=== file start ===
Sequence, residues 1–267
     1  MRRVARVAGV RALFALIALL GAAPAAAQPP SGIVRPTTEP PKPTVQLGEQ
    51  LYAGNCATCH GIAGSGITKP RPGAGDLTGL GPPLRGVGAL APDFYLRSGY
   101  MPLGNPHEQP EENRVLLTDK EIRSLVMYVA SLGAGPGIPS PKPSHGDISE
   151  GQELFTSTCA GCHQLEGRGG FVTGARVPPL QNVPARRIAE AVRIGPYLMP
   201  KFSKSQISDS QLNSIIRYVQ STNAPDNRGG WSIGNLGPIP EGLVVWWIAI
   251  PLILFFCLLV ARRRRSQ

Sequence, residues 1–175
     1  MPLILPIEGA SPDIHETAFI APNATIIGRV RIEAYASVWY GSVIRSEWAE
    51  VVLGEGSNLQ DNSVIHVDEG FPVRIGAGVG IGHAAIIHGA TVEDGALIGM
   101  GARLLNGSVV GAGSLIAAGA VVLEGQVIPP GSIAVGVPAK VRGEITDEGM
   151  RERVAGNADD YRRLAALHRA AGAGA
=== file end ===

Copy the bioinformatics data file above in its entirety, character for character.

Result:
Sequence, residues 1–267
     1  MRRVARVAGV RALFALIALL GAAPAAAQPP SGIVRPTTEP PKPTVQLGEQ
    51  LYAGNCATCH GIAGSGITKP RPGAGDLTGL GPPLRGVGAL APDFYLRSGY
   101  MPLGNPHEQP EENRVLLTDK EIRSLVMYVA SLGAGPGIPS PKPSHGDISE
   151  GQELFTSTCA GCHQLEGRGG FVTGARVPPL QNVPARRIAE AVRIGPYLMP
   201  KFSKSQISDS QLNSIIRYVQ STNAPDNRGG WSIGNLGPIP EGLVVWWIAI
   251  PLILFFCLLV ARRRRSQ

Sequence, residues 1–175
     1  MPLILPIEGA SPDIHETAFI APNATIIGRV RIEAYASVWY GSVIRSEWAE
    51  VVLGEGSNLQ DNSVIHVDEG FPVRIGAGVG IGHAAIIHGA TVEDGALIGM
   101  GARLLNGSVV GAGSLIAAGA VVLEGQVIPP GSIAVGVPAK VRGEITDEGM
   151  RERVAGNADD YRRLAALHRA AGAGA